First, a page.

Credit: European External Action Service – https://creativecommons.org/licenses/by-nc-nd/2.0/
In cases such as the collapsed garment factory Rana Plaza in Bangladesh in April last year, proper reporting of risks could have rung the alarm bell in time. European business must take appropriate measures when collaborating with suppliers which display such disrespect for human rights.
ECCJ and AMNESTY INTERNATIONAL
15 April 2014
Today, the European Parliament (EP) adopted a reform to strengthen corporate accountability and transparency regarding the impact of businesses’ activities on human rights, the environment and society. The new legislation will require companies to disclose information about the policies and due diligence processes that businesses have in place to assess risks and to prevent adverse impacts of their operations.
“This is an important step forward. The reform recognises that the environmental and human rights impacts of companies are of key concern for society as a whole. It will empower people to access information on how they might be affected by business operations, and enable shareholders to hold the management accountable for negative impact” said Jerome Chaplier from ECCJ, “However, we regret that the original proposal has been weakened so much.”
In the course of intense negotiations between the European Council and the EP to finally agree on the legislation, the number of affected companies was significantly lowered.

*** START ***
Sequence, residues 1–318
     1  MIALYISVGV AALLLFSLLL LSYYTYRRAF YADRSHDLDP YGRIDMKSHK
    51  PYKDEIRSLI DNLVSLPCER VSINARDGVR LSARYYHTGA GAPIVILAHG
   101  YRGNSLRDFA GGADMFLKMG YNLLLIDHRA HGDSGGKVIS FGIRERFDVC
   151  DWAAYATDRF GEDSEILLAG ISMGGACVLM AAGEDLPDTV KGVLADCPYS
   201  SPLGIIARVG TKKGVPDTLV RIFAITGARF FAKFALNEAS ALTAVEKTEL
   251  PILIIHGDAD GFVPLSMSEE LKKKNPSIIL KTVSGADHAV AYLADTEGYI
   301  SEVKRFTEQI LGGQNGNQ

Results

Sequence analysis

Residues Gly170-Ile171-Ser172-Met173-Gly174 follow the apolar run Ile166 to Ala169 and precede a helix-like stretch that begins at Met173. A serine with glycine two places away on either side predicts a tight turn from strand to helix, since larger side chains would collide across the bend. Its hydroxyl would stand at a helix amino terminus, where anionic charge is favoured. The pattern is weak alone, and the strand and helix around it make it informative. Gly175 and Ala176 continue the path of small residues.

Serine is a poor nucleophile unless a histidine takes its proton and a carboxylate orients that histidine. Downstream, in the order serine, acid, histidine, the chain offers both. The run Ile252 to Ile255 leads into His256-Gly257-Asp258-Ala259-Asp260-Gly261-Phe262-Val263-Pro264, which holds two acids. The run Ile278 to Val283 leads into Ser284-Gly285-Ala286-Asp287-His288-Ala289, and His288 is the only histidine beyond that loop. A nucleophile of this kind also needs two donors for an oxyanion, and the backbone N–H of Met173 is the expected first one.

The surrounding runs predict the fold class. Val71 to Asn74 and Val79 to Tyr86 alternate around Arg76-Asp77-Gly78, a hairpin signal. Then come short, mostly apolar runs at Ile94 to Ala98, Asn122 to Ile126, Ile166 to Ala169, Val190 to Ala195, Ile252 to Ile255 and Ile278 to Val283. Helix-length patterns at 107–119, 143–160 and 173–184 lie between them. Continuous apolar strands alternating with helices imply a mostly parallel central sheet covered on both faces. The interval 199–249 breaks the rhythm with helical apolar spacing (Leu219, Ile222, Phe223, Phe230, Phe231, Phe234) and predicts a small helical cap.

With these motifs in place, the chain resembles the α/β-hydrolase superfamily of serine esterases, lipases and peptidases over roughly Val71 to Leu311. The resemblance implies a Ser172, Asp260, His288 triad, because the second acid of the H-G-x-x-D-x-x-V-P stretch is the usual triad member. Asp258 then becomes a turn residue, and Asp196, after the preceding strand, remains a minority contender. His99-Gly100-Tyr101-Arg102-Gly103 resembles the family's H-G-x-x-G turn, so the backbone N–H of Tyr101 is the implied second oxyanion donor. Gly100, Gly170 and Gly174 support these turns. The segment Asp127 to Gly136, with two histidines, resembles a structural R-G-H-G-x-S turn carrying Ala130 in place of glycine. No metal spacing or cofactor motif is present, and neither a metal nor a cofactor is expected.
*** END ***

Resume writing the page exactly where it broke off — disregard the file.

The legislation will now apply to about 6,000 European listed companies, credit institutions and insurance enterprises of more than 500 employees – only about a third of the number of companies foreseen in the European Commission’s original proposal. It further allows member states to grant exemptions from the reporting requirement.
For affected companies, the disclosure of non-financial information will be part of their annual management report and will include issues arising from their supply chains.
“In cases such as the collapsed garment factory Rana Plaza in Bangladesh in April last year, proper reporting of risks could have rung the alarm bell in time. European business must take appropriate measures when collaborating with suppliers which display such disrespect for human rights.” said Nicolas Beger, Director of Amnesty International’s European Institutions Office.
Guidelines for companies on how to report under the new reform are expected from the Commission within the next two years. EU member states will also have two years to implement this reform in their national legislation.
“This reform sends a strong signal to the future Commission and Parliament that tangible changes are needed to ensure better corporate accountability. The EU’s agenda on business and human rights must be more ambitious. The Commission and member states must start monitoring companies’ reporting, and if they mislead the public they must be sanctioned”, said Paul de Clerck from Friends of the Earth Europe and board member of ECCJ.
For more information, please contact:
Jerome Chaplier, coordinator European Coalition for Corporate Justice: 0032 (0)477 184753, [email protected]
Paul de Clerck, Friends of the Earth Europe and ECCJ board member: 0032 (4)943 80959, [email protected]
Iverna McGowan, Amnesty International: 0032 (2)5482766, [email protected]